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Outsourcing is the process wherein one company decides to purchase a product or service from a source, which is outside the company. Generally, it refers to those products and services that were previously produced internally, but is now being sourced externally (Hira & Hira, 2005). Similarly, outsourcing is the process of purchasing “intermediate inputs by companies or governments at arm’s length. ” It is of important notice that only purchase of intermediate products, and not raw products, will qualify as outsourcing (Kirkegaard, n. d. ).
In a more technical tone, it is the act of transferring some of the organization’s “recurring internal activities and decision rights” to providers, who are outside the company. It is important to note that not only the activities of the company are being transferred externally, but also the factors of production. Factors of production are the resources needed to facilitate such activities including people, facilities, equipment, technology, and other assets (Greaver, 1999). Another concept related to outsourcing is offshoring. It is the acquisition of intermediate inputs by companies from locations outside the consuming party.
What distinguishes offshoring from mere outsourcing is the crossing of international borders of the outsourced products (Kirkegaard, n. d. ). Organizations tend to outsource in order to better align their business processes with the goals set by the organization through the long-term transfer of the daily operations to a service provider external to a company (Rothwell, Prescott, & Taylor, 2008). The term outsourcing was invented by the information systems trade back in the late 1980s. It was coined to illustrate the growing trend of big companies transferring their information systems to providers.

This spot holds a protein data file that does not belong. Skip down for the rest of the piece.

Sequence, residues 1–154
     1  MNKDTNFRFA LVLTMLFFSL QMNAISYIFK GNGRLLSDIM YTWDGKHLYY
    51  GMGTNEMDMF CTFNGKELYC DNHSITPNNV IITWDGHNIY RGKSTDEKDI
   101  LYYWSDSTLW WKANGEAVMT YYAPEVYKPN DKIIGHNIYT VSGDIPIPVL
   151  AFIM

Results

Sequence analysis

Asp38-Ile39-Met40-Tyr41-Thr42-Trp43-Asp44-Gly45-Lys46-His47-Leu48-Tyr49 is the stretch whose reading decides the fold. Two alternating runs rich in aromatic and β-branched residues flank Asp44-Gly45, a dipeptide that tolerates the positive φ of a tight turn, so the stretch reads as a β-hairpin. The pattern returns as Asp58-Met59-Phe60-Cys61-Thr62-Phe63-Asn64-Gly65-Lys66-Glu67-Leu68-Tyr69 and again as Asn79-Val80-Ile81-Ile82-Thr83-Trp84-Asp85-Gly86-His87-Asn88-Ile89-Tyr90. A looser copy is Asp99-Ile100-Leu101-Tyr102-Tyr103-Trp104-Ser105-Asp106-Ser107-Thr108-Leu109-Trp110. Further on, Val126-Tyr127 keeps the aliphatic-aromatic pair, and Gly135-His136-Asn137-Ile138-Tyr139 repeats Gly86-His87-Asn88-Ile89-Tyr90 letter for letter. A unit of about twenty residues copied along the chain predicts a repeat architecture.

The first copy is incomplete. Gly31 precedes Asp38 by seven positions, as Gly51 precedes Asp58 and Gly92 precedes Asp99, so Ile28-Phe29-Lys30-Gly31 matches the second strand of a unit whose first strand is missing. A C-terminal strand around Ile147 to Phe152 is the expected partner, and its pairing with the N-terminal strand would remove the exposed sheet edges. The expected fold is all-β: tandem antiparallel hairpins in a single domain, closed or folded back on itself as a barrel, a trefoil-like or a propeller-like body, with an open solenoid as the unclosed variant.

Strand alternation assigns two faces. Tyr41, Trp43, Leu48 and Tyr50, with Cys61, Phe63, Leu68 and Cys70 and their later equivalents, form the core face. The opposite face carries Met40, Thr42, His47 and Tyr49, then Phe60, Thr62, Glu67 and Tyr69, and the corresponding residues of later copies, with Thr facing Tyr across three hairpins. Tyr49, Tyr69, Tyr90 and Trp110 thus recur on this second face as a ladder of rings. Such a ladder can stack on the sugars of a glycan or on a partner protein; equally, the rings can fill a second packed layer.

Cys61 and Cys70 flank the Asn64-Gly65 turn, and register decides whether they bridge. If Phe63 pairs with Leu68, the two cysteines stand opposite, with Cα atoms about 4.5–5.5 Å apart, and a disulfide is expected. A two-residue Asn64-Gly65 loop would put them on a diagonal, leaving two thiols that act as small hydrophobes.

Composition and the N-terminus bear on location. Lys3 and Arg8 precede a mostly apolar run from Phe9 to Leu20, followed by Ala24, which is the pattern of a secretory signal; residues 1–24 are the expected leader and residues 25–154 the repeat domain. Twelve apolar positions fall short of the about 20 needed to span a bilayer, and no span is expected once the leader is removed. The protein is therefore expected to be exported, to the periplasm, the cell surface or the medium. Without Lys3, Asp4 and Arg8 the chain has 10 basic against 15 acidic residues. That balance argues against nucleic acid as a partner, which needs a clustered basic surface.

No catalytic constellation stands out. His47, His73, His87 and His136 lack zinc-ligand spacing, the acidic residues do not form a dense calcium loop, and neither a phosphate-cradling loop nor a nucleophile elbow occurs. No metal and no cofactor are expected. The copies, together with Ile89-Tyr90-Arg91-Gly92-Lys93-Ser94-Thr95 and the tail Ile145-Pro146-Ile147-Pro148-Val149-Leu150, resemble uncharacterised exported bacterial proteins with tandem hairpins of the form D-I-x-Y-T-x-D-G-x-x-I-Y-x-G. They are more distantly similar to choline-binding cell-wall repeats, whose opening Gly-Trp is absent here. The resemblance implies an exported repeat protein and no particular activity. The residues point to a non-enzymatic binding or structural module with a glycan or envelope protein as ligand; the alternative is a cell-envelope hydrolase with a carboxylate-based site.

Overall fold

Such services can be traced back to at least the World War II, when system facilities management were provided to the U. S. Federal Government (Greaver, 1999). Outsourcing is identical to subcontracting, joint venturing, and strategic partnering concepts, which date back hundreds of years. What makes outsourcing different from these concepts is the fact that “internal” activities are being transferred out, which is not the case with subcontracting and joint-venturing (Greaver, 1999). Outsourcing has become a major trend in business transactions.